Molecular Basis of Heredity: Part 1. Nucleic Acids
RNA Processing in Eukaryotic Cells
The RNA molecules made within eukaryotic cells must be processed before they can be used as messengers of the DNA code. Eukaryotic genes contain introns that must be removed. Introns are non-coding segments of DNA, of variable size, that separate the coding segments, or exons, of the genes of eukaryotic organisms. During RNA processing, the introns are removed from RNA molecules in a complex process called splicing. In addition, a methyl group called a 5' cap is attached to the 5' end of the RNA, and a polyA tail is added to the 3' end of the RNA in a process called polyadenylation. The resulting processed RNA is called a messenger RNA (mRNA). Processed mRNAs migrate from the nucleus (the site of their transcription and modification) to the cytoplasm for translation by ribosomes.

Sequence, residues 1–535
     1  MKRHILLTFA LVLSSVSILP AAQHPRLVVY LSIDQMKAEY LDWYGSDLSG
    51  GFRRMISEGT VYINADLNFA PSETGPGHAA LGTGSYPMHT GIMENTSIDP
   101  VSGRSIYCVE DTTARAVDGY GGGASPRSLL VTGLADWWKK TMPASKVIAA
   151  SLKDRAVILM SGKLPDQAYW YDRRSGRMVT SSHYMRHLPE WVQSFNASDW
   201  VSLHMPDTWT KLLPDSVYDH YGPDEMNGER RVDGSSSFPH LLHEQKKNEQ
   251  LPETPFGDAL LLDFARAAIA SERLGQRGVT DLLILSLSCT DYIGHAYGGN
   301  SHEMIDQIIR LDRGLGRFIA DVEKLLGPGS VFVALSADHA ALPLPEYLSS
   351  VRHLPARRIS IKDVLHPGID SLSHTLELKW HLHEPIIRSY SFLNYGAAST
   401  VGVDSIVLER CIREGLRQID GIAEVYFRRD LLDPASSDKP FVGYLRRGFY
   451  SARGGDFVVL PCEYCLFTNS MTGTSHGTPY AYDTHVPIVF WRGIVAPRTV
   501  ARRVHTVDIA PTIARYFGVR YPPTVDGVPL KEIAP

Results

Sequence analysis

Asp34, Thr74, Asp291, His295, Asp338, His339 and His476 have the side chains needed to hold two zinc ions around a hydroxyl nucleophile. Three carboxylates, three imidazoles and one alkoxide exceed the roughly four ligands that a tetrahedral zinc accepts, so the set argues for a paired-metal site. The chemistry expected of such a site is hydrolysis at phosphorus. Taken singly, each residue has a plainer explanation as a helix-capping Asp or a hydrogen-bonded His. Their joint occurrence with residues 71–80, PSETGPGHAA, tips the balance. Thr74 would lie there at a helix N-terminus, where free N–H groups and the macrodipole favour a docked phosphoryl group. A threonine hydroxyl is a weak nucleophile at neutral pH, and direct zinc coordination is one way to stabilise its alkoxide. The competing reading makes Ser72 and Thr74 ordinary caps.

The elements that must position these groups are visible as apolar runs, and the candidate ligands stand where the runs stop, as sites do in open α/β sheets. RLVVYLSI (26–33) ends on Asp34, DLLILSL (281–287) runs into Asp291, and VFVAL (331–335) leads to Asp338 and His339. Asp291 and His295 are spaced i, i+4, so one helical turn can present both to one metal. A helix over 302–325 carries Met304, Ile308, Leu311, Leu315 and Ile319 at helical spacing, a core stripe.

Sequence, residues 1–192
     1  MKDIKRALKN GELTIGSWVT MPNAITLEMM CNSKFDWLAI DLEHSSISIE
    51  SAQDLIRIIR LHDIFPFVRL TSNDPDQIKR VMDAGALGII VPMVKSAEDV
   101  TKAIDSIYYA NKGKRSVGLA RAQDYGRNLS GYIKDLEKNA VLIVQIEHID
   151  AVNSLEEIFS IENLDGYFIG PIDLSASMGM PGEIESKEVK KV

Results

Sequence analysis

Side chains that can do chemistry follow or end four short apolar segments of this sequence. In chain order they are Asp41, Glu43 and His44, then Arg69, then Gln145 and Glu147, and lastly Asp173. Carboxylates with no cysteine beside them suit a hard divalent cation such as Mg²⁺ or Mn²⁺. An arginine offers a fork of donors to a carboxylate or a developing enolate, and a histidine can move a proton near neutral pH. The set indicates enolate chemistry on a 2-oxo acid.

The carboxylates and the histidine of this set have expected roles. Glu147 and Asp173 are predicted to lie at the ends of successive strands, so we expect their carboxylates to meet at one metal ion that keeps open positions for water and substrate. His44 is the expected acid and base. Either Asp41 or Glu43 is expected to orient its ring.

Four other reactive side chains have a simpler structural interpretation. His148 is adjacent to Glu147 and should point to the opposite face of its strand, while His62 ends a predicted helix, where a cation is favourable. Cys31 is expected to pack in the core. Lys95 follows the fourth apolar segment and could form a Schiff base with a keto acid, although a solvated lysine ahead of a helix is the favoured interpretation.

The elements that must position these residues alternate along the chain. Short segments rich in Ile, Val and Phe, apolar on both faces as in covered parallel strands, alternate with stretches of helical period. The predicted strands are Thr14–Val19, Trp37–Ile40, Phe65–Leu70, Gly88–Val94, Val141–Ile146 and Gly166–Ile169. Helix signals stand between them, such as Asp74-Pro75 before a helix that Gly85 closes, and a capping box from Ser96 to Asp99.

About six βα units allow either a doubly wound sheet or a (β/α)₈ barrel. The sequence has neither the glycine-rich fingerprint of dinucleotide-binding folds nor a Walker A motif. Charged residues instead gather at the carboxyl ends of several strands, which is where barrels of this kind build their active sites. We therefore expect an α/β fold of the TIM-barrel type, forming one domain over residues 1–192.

Prokaryotic genes typically do not contain introns, although there are some exceptions. As such, there is usually no splicing of RNA molecules in prokaryotic cells. Prokaryotic RNAs also are not capped or polyadenylated as are eukaryotic RNAs. Further, in prokaryotic cells, there is no nucleus to separate the processes of transcription and translation, so transcription and translation often occur simultaneously, with RNA molecules being translated into proteins as they are being transcribed from the prokaryotic DNA. A newly discovered branch of the tree of life is the domain Archaea. Members of the domain Archaea are prokaryotes, as are bacteria. However, some genes of members of the domain Archaea have introns and share other structural and functional similarities with eukaryotes (organisms with a cell nucleus surrounded by a membrane).
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